Avoidable medication errors are causing the hospitalisation of more than 100 aged care residents every day in Australia, according to the Pharmaceutical Society of Australia.
PSA President Associate Professor Chris Freeman says expanding the role of pharmacists in the provision of healthcare for vulnerable older Australians would offer protection from this unnecessary burden.
“With the Royal Commission currently investigating how to improve aged care services, it’s time for everyone to address medication management,” he said.
“In our submission to the Commission and representation to the Commonwealth, we’ve warned that people’s lives are being put at risk under the current system, which limits pharmacists’ capacity to use their expertise in the aged care setting.”
Use of medicines is the most common healthcare intervention in Australia and about 98 per cent of aged care residents have at least one medicine-related problem. Of those, more than half are exposed to at least one potentially inappropriate medicine.
Dementia Australia has reported that about half of all aged care residents and up to 80 per cent of residents with dementia are receiving at least one psychotropic medication, despite evidence showing only about 20 per cent of patients with behavioural and psychological symptoms of dementia would receive benefit from antipsychotics. Antipsychotics can be associated with significant adverse outcomes, including falls, cognitive impairment and increased risk of stroke and death.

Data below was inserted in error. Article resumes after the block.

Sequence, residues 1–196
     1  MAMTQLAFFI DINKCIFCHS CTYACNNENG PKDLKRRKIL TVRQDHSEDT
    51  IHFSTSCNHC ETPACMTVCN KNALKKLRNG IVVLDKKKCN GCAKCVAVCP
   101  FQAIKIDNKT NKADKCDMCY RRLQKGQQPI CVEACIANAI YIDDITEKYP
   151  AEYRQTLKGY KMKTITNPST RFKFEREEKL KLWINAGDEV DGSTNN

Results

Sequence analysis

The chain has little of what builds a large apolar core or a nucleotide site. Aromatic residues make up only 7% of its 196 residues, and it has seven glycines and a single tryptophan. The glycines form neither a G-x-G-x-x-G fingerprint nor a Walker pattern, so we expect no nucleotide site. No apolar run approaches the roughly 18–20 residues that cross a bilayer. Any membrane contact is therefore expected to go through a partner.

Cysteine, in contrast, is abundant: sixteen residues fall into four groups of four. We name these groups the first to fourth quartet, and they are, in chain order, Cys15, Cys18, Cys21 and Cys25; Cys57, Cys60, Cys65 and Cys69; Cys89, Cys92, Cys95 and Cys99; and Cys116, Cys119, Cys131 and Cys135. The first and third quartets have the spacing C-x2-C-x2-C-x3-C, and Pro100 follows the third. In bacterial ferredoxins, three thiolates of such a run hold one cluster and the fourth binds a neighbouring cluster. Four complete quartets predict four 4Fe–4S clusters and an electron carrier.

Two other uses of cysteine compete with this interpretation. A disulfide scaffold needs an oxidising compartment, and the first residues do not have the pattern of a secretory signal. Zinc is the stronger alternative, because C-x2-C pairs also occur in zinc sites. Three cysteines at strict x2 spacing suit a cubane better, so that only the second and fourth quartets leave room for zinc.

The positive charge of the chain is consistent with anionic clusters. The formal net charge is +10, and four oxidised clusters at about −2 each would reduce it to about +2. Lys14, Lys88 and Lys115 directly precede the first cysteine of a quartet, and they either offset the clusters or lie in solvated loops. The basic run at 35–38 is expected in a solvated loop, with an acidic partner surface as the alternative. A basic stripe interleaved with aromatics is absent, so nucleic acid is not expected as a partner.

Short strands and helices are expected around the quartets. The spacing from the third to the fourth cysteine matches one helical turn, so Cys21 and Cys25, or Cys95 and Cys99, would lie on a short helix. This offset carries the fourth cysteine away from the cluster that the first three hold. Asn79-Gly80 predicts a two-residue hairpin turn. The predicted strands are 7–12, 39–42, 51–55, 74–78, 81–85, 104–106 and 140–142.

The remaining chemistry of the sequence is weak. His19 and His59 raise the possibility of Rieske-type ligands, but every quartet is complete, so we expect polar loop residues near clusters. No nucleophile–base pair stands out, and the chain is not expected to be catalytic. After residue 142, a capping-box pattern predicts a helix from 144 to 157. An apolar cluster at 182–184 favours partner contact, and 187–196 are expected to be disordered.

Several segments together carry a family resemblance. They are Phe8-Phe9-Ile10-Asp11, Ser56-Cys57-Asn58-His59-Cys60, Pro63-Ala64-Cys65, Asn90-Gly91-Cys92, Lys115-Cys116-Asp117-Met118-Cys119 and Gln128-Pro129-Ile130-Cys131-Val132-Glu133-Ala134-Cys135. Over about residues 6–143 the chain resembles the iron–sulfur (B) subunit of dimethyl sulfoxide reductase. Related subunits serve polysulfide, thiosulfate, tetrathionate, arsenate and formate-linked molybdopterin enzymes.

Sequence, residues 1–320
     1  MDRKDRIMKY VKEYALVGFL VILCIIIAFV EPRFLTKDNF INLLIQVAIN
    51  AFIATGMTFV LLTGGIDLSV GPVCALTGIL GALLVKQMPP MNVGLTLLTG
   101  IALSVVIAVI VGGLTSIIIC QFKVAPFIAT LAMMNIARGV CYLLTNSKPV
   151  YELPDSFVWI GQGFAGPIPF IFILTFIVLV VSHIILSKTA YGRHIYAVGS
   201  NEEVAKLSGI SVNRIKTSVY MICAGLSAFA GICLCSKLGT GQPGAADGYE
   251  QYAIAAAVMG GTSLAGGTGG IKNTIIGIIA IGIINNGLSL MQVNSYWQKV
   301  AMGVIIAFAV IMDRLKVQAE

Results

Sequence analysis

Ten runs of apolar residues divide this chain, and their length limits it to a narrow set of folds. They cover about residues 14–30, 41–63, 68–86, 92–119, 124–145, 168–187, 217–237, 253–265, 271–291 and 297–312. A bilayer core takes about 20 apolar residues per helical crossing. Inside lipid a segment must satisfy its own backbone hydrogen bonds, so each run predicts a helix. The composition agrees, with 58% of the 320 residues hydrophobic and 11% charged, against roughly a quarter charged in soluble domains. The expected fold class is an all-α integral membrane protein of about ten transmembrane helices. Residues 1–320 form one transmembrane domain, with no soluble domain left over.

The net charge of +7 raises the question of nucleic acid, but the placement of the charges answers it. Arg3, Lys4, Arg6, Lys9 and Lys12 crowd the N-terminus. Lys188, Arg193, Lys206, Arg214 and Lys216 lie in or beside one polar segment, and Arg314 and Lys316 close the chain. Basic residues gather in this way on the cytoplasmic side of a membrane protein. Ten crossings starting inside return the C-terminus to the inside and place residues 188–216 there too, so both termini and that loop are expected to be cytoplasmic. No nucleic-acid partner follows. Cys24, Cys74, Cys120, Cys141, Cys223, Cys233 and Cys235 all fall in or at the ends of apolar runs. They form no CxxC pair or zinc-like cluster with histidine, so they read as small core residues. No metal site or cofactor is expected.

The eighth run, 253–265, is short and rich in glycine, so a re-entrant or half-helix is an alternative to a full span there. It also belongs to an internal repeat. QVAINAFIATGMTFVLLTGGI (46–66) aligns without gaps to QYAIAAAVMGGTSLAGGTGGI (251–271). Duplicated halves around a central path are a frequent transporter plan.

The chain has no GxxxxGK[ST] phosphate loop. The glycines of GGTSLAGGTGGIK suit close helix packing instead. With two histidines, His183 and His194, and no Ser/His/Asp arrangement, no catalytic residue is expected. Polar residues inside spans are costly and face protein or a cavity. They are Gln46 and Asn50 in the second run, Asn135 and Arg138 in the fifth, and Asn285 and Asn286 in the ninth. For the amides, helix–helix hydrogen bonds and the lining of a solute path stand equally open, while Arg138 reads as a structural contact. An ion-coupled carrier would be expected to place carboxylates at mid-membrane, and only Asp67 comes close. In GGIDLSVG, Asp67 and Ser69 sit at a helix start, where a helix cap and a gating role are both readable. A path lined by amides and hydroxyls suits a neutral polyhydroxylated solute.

“Aged care staff are committed to the wellbeing of their patients and doing their very best, but many are not experts in medication management,” Mr Freeman said.
“We know even with tools like dose administration aids, mistakes can still happen if we aren’t regularly checking doses and medications are still appropriate for the residents’ health and ensuring they don’t interact with any new medications.
“Pharmacists are best placed to improve decision making to ensure the safe and optimal use of medicines for older Australians. Our pharmacist workforce is equipped and eager to contribute and we need more time for pharmacists on the ground in aged care.”
PSA is calling for pharmacists to be able to spend more time in aged care facilities to advise residents and support them with their medicines and medication management. Pharmacists can also assist in improving quality use of medicines facility-wide and reducing harm caused by overuse of medicines.
“More investment in aged care regarding the safe and quality use of medicines should occur without delay to ensure Australians who have worked hard all their life, raised families, contributed to our community and are now entering their later years of life are treated with the care and respect they deserve,” Mr Freeman said.